(Chip Somodevilla/Getty Images)
(Chip Somodevilla/Getty Images)

More than three and a half years into his administration, President Donald Trump’s approval ratings have remained remarkably stable. There also has been a wider gap between Republicans’ and Democrats’ views of Trump than for any other U.S. president in the modern era of polling.

Trump approval more polarized than for any other president since Eisenhower

About four-in-ten Americans (38%) approve of Trump’s job performance, while 59% disapprove, according to a recent Pew Research Center survey. Although Trump experienced a slight bump in approval ratings at the beginning of the coronavirus outbreak – 45% of the public in March and 44% of the public in April said they approved of the way Trump was handling his job – his approval ratings have settled back to where they were before the pandemic hit the United States.

Trump’s relatively steady ratings are unique among recent presidents. And while his ratings are also the most polarized along party lines in the modern era, this divide represents a continuation of a trend seen in assessments of recent presidents, including Barack Obama and George W. Bush.

Pew Research Center conducted this analysis to understand Donald Trump’s job approval ratings in a historical context. For this analysis, we looked at yearly averages for presidential job approval based on annual totals of Pew Research Center surveys from 1993 to 2020 and Gallup organization data from 1953 to 1993. Since 2017, Pew Research Center surveys on Trump’s job approval have been conducted on the Center’s nationally representative Americans Trends Panel (read more about the ATP’s methodology); surveys conducted between 1993 and 2017 (and earlier Gallup surveys) were conducted by telephone.

Over the course of his presidency to date, an average of 87% of Republicans have approved of Trump’s handling of the job, compared with an average of just 6% of Democrats. This 81-percentage-point gap is far larger than the partisan division in average ratings for Obama (67 points) and Bush (58 points) during their presidencies. (These growing partisan divides are consistent with widening divides in views of members of the opposing party, and with deep partisan divisions on political values, many of which are far more pronounced than in past decades.)

The growing partisan gap in assessments of U.S. presidents has been driven primarily by more negative ratings among members of the party that’s out of the White House. The 6% of Democrats who approve of Trump is lower than the 14% of Republicans who approved of Obama and the 23% of Democrats who approved of Bush during their respective administrations. Out-party ratings of the president were even higher in previous decades: For example, an average of 31% of Democrats approved of Ronald Reagan’s job performance.

Trump’s first-term approval ratings are lower than those of several recent presidents

Looking at individual surveys, Trump’s ratings stand out for their stability.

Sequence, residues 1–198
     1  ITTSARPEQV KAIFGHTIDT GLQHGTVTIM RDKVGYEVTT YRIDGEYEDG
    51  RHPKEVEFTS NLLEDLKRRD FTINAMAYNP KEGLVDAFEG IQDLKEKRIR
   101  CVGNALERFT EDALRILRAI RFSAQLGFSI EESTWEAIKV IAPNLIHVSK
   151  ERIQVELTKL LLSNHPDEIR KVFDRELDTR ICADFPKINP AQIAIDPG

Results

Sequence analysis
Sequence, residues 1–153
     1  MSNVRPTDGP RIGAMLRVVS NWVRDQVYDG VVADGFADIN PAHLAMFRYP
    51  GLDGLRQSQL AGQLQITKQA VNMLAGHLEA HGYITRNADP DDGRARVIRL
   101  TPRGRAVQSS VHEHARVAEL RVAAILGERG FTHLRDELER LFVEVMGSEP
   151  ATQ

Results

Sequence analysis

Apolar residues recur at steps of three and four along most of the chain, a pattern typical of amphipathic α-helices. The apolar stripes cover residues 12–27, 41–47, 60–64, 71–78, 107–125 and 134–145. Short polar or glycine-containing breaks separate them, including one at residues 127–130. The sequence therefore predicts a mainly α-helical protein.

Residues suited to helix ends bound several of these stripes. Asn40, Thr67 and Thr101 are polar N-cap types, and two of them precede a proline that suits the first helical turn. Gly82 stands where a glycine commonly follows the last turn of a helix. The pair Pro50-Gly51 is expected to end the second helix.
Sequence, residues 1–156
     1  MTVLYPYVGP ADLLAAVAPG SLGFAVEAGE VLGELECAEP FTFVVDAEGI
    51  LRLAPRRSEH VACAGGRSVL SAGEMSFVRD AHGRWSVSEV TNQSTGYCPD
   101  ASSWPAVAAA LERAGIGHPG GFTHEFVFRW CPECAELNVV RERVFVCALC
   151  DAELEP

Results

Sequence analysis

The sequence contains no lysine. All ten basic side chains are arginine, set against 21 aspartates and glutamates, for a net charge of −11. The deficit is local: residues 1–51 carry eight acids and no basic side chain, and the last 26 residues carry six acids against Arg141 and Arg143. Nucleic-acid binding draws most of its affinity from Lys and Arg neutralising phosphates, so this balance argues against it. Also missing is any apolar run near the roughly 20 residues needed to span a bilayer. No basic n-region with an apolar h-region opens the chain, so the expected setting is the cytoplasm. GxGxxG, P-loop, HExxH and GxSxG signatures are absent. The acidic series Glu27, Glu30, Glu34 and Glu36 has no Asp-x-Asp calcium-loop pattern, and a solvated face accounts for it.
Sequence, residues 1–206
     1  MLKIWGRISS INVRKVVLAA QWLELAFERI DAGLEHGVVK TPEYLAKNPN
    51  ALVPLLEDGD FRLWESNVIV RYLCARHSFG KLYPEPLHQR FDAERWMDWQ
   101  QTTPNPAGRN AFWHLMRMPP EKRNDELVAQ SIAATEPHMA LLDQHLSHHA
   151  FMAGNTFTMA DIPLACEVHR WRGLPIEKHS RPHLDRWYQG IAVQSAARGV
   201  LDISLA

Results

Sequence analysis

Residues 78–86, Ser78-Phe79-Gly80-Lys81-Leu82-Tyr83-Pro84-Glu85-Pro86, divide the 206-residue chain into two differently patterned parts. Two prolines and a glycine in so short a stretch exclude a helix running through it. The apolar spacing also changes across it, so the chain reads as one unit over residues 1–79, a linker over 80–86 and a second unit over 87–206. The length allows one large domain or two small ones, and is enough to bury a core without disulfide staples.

Throughout his first term, Trump’s approval rating has been quite stable compared with his predecessors

While Trump’s ratings today are about the same as they have been throughout his years in office (his rating has consistently fallen between 38% and 45% and hovered around 40% for much of his term), other presidents’ ratings saw far more change.

Obama’s initial approval rating of 64% dropped off in the first few months and largely remained in the mid to high 40s for much of his first term. Obama’s approval rating peaked at 56% in May 2011 – immediately following the killing of Osama Bin Laden – and sat at 50% in the summer of 2012.

George W. Bush’s approval ratings moved sharply higher in September of his first year – they reached 86% in the wake of the 9/11 terrorist attacks – before steadily declining to 46% in July 2004.

Approval ratings for Bill Clinton and Reagan moved lower during their first two years in office. But their ratings had rebounded by the summer preceding their reelection, with slightly more than half of Americans approving of each president’s performance.

George H.W. Bush’s ratings were particularly volatile. They improved in his first year before turning lower and then rising again to a high of 89% following the end of the Gulf War in 1991. Then they steadily fell to just 29% in the summer before his loss to Clinton in the 1992 election.

Trump’s job approval rating at this point in his presidency is lower than that of all of his recent predecessors except George H.W. Bush. The 38% of Americans who approve of Trump’s performance today compares with 29% for Bush in 1992. However, the two presidents’ disapproval rating is similar: 58% disapprove of Trump’s performance today, compared with 60% for Bush in 1992.

Republicans overwhelmingly approve of Trump, along with a narrower majority of GOP-leaning independents

Trump’s approval rating is broadly positive among independents who say they lean toward the Republican Party, though not quite as high as among self-identified Republicans. As of August 2020, 62% of GOP leaners say they approve of the way Trump is handling his job in office, compared with 86% of Republican identifiers.

By contrast, just 5% of Democrats and a nearly identical share of Democratic leaners (6%) currently approve of how Trump his handling his job in office.

Note: This is an update of a post originally published on Aug. 1, 2018.

Amina Dunn  is a research analyst focusing on U.S. politics and policy at Pew Research Center.